Got a Hole In Your Soul?

It came up in a discussion about parables. Jesus often used parables in His teaching and His disciples asked him why He used stories to teach spiritual truth when His audience often didn’t get the point of the illustration. Many times Jesus would have to explain to His disciples, in private, the meaning of the parable. It’s a question that others have asked since those years when the Lord walked and talked among the people of Israel. Many commentators express the opinion that the use of a story to illustrate a truth was meant to accomplish several things, one of which was to weed out those who were serious seekers of truth from those who were merely curious. In other words, if you really want to know what the story is all about, you’ll make an effort to find out!

In Luke 19:1-10 we meet a tax collector by the name of Zacchaeus. Tax collectors were generally considered to be pretty near to the scum of the earth in ancient Palestine. They worked for the much hated Roman establishment and grew their own personal wealth through cheating their customers. Zaachaeus, by his own confession, was one of those.

We don’t know how it was that this man become aware of Jesus and His teaching. We don’t know if he ever heard one of the many parables that the Lord used to illustrate truth. But we do know that Zaachaeus wanted to know more. There was a thirst, a hunger, a hole in his soul that drove him to find the Lord, to hear more.

At the height of His popularity, Jesus was always surrounded by huge crowds. To get a front row position would have been difficult. The crowd would make way for the group of scribes or Pharisees. How would they dare not to! But no one would make way for a tax collector—more likely to trample him in the process. There was no way Zaachaeus could stand at the back of the crowd and see or hear anything. The Scriptures say he was “a short man” (Luke 19:3).

So this chief tax collector and wealthy man ran ahead and climbed a tree. From that vantage point he hoped to see this man that everyone was talking about. The effort—not to mention the embarrassment—tells us a lot about the depth of the hole in his soul that perhaps the tax collector was not entirely aware of.

God never ignores the cry of an empty soul.

Jesus not only walked under the tree; He stopped and called the tax collector down from his hiding place. “I must stay at your house today” (19:5).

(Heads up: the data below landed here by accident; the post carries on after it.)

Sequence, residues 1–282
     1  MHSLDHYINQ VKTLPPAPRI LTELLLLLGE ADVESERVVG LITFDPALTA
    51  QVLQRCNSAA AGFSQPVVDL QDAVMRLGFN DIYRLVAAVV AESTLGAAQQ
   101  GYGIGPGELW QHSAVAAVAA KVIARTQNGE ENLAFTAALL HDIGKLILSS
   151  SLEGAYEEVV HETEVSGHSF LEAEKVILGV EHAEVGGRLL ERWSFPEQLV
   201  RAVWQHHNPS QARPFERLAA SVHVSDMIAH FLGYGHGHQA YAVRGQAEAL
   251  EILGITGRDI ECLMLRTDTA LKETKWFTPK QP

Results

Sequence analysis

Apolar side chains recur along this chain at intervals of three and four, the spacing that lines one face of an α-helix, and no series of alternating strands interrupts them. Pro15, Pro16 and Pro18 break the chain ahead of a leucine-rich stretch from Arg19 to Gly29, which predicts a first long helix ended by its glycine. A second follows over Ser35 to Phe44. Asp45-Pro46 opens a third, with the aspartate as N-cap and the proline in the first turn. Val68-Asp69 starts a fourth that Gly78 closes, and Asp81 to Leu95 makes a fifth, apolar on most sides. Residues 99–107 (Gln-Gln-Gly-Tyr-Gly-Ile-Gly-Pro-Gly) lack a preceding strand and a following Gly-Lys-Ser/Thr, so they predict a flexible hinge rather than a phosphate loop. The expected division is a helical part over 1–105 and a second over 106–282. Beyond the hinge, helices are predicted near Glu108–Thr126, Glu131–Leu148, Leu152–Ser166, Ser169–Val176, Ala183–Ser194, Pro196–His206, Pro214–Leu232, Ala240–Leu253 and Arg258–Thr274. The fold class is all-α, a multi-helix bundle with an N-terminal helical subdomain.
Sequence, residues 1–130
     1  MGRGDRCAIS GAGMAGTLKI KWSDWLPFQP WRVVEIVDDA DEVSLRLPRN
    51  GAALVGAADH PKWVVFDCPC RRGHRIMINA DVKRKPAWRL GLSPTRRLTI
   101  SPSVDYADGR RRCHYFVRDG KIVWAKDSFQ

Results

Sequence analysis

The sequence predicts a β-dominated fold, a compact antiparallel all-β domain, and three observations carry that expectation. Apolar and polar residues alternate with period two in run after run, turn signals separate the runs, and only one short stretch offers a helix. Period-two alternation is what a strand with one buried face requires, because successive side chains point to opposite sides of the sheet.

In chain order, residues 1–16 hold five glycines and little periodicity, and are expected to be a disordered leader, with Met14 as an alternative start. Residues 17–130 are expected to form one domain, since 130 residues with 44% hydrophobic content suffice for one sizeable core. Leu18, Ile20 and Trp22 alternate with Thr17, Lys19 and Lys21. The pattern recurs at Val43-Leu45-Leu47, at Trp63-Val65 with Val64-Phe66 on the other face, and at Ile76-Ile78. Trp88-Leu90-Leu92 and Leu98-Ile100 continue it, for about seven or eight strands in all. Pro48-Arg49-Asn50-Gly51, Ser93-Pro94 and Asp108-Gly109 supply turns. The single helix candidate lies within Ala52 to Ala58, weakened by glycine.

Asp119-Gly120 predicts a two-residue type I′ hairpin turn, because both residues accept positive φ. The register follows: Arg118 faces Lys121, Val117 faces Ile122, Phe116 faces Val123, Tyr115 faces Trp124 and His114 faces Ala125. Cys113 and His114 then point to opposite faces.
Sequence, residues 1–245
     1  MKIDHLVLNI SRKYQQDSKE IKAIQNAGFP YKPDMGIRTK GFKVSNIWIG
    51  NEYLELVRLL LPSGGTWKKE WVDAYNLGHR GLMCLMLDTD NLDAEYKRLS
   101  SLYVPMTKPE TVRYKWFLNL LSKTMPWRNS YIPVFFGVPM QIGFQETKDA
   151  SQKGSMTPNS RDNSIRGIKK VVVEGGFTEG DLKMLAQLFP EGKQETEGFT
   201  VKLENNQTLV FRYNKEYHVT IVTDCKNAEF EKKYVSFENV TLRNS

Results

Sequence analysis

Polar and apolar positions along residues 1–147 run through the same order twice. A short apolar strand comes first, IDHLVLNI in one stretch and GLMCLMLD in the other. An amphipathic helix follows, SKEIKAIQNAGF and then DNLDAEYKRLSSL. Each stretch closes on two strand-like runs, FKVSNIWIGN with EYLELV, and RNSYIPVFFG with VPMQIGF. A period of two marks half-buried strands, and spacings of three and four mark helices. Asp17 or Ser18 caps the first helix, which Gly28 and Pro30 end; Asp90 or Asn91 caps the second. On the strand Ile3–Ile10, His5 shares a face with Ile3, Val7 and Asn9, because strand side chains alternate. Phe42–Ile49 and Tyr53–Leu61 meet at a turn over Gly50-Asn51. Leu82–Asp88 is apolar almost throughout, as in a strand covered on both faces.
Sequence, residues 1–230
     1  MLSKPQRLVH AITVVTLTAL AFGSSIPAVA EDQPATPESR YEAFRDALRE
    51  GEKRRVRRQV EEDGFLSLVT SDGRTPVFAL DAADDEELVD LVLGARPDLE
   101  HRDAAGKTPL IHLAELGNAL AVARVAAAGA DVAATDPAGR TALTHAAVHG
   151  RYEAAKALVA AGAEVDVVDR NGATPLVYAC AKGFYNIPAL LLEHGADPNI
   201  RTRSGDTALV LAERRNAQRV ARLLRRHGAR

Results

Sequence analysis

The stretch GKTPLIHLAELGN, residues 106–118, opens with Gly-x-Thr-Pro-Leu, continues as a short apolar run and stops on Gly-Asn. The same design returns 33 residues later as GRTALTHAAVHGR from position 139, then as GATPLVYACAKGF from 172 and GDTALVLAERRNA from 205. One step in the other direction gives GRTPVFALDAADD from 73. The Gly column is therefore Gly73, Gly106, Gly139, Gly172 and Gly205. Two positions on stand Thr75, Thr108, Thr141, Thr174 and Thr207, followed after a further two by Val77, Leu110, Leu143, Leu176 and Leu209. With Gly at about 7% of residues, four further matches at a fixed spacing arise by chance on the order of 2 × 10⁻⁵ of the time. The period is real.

Of course Jesus “must” go to Zaachaeus’s home. There was a hole in the man’s soul that needed to be dealt with.

Later, as Zaachaeus proved his repentance by making right all the wrongs he had committed against others, Jesus is quoted as saying: “Today, salvation has come to this house…For the Son of Man came to seek and to save what was lost” (Luke 19:10).

Observers complained that Jesus was hanging around “sinners,” obviously forgetting that to hang around anyone, including them, would qualify for that. This was not unusual. In Matthew 11:18, 19, Jesus remarks after a similar complaint: “For John came neither eating nor drinking, and they say, ‘He has a demon.’ The Son of Man came eating and drinking, and they say, ‘Here is a glutton and a drunkard, a friend of tax collectors and “sinners.” ‘But wisdom is proved right by her actions.'”  Jesus went to whoever was burdened by their sin, whoever felt the emptiness of their souls and wanted to be filled, whoever was thirsty for God. Whoever came seeking forgiveness and restoration, always found what he was looking for.

A little later in the passage in Matthew 11, Jesus said: “Come to me, all you who are weary and burdened, and I will give you rest. Take my yoke upon you and learn from me, for I am gentle and humble in heart, and you will find rest for your souls. For my yoke is easy and my burden is light” (Matthew 11:28-30).

Zaachaeus discovered the truth of that statement. If you have a hole in your soul, you can discover it too—and you won’t even have to climb a tree! Just ask Jesus.

Comments

  1. Thank you, Lynda! Great message. I was stopped in reading by Matthew 11:18,19 just a couple of weeks ago. "Wisdom is proved right by her actions," made me stop and ponder a good long time.

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